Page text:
The warmer climate conditions in western Greece have led to a bizarre phenomenon. Namely, a spectacular 300m-long spider-web covers an entire shoreline in Aitoliko, Greece. However, the strange occurrence is not unusual for scientists.
As reported by Daily Hellas, a broad area of greenery has been cloaked by the silvery spider-web produced by Tetragnatha spiders. According to the scientists, however, the Tetragnatha spiders are usually building such large webs for mating purposes, and this phenomenon is occurring seasonally.
But this particular spider-web is one of the largest ever witnessed and, as the local scientists admitted, the increased number of mosquitoes led to the appearance of more Tetragnatha spiders.
While the giant spider-web in Aitoliko, Greece, might look bizarre, the phenomenon is not at all harmful for humans, animals in the region, or the local flora. Even more, the vast silky cover made up by spiders is not going to last long.
Giant spider-web covers an entire shoreline in Aitoliko, Greece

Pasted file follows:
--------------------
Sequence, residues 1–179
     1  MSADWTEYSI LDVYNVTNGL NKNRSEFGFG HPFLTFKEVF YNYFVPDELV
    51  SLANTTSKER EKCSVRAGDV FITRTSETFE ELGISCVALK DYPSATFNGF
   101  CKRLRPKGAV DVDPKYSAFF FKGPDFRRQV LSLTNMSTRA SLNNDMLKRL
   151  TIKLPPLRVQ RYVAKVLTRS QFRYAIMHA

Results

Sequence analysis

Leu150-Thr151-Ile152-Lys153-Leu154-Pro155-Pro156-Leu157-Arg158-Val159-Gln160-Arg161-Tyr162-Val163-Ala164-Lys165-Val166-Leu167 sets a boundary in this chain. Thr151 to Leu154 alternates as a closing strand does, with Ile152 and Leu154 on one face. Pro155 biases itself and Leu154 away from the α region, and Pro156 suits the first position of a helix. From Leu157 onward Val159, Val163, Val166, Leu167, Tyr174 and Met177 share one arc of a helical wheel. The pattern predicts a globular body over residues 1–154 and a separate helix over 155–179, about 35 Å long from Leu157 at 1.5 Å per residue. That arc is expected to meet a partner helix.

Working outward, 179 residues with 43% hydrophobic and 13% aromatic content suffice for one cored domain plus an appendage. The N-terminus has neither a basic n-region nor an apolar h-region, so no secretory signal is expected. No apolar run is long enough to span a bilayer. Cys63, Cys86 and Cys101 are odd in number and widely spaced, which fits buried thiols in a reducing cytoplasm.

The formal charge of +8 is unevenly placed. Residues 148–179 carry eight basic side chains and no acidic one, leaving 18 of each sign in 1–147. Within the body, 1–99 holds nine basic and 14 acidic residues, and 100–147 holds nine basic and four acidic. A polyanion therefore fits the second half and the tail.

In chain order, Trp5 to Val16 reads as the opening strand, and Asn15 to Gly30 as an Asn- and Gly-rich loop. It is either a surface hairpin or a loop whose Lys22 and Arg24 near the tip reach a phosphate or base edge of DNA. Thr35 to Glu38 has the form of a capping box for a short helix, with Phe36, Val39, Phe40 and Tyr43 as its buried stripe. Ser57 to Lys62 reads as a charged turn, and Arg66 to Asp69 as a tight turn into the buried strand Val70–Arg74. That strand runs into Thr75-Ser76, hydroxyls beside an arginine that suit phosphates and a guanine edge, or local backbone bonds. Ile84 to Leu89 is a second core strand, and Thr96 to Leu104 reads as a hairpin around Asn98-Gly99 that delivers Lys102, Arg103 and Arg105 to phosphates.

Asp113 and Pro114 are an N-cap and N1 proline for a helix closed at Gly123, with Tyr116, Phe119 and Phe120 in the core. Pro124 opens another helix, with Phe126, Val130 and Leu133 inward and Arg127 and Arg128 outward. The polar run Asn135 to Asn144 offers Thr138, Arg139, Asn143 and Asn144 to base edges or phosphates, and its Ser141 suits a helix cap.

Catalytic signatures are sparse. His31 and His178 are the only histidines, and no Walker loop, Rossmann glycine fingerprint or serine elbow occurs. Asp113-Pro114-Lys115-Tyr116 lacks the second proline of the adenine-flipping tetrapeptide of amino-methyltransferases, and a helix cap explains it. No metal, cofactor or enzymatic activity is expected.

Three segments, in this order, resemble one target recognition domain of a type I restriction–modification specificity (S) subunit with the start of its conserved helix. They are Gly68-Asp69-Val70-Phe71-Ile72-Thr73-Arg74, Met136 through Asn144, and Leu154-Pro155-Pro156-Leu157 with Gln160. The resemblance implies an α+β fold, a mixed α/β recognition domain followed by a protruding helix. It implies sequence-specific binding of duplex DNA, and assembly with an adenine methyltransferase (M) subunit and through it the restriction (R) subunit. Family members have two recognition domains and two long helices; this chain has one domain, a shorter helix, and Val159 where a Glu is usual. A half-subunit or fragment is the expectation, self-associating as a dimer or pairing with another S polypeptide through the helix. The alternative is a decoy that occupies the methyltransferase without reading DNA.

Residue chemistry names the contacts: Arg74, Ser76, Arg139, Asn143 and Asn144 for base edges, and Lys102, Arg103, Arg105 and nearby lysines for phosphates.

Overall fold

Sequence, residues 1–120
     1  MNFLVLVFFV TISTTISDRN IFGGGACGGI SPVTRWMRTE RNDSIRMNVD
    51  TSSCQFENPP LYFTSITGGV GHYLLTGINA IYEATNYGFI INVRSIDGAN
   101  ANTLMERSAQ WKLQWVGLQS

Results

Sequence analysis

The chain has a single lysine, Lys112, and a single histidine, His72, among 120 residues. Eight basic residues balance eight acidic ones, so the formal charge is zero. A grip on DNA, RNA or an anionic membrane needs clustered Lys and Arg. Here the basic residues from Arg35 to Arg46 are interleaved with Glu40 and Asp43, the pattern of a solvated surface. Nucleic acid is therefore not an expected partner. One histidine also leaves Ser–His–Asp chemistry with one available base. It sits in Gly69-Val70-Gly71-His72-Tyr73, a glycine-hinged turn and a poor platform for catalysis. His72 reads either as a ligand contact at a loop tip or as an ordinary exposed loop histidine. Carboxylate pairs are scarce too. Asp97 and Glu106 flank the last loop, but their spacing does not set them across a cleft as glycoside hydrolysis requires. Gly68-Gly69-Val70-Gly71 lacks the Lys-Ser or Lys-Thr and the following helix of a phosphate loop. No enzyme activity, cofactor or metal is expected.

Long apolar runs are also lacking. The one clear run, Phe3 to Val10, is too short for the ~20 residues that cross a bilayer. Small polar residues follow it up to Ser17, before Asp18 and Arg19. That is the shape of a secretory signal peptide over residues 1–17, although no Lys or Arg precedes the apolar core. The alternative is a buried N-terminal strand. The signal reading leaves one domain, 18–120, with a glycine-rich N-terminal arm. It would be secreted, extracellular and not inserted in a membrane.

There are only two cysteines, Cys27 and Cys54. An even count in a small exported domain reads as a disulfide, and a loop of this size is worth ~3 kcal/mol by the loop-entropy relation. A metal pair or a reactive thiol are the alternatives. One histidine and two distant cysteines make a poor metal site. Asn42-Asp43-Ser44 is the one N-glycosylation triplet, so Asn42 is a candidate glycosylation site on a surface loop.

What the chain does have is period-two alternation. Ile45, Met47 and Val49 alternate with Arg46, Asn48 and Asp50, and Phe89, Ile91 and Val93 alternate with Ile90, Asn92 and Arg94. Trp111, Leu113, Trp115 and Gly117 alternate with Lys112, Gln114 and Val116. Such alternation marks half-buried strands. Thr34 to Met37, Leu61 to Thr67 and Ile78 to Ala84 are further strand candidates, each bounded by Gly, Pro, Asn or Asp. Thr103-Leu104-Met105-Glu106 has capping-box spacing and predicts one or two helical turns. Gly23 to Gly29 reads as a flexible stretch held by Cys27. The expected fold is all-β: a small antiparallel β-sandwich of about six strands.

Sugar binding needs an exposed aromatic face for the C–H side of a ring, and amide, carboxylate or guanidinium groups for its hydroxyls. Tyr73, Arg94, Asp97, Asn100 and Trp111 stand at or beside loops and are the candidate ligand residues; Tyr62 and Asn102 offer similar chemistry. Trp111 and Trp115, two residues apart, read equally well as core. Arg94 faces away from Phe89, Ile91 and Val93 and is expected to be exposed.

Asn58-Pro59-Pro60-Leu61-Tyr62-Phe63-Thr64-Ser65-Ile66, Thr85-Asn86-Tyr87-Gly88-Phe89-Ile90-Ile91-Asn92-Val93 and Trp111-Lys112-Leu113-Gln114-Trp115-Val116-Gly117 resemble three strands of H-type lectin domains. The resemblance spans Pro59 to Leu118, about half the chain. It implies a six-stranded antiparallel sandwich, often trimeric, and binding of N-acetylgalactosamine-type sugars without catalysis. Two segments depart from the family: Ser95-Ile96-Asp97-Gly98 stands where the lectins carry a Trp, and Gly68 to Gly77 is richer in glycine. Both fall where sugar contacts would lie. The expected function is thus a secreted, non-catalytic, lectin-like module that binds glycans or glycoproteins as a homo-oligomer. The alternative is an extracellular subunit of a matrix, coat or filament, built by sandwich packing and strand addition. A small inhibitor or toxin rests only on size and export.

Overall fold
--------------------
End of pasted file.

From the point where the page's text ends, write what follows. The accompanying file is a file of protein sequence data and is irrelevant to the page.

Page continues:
According to Maria Chatzaki, professor of molecular biology and genetics at Democritus University of Thrace, Greece, global warming (which caused a significant temperature increase in the region), elevated humidity, and sufficient food in the area of Aitoliko caused a massive boost in the number of Tratragnatha spiders populations.
“It’s as if the spiders are taking advantage of these conditions and are having a kind of a party. They mate, they reproduce and provide a whole new generation. These spiders are not dangerous for humans and will not cause any damage to the area’s flora. The spiders will have their party and will soon die,” explained Maria Chatzaki.
In short, a giant spider-web of 300 meters long and made by Tetagnatha spiders covers an entire shoreline in Aitoliko, Greece, but unfortunately, the magnificent creation won’t last long because, as soon as the spiders mate and lay eggs, they will die.
Jasmine holds a Master’s in Journalism from Ryerson University in Toronto and writes professionally in a broad variety of genres. She has worked as a senior manager in public relations and communications for major telecommunication companies, and is the former Deputy Director for Media Relations with the Modern Coalition. Jasmine writes primarily in our LGBTTQQIAAP and Science section.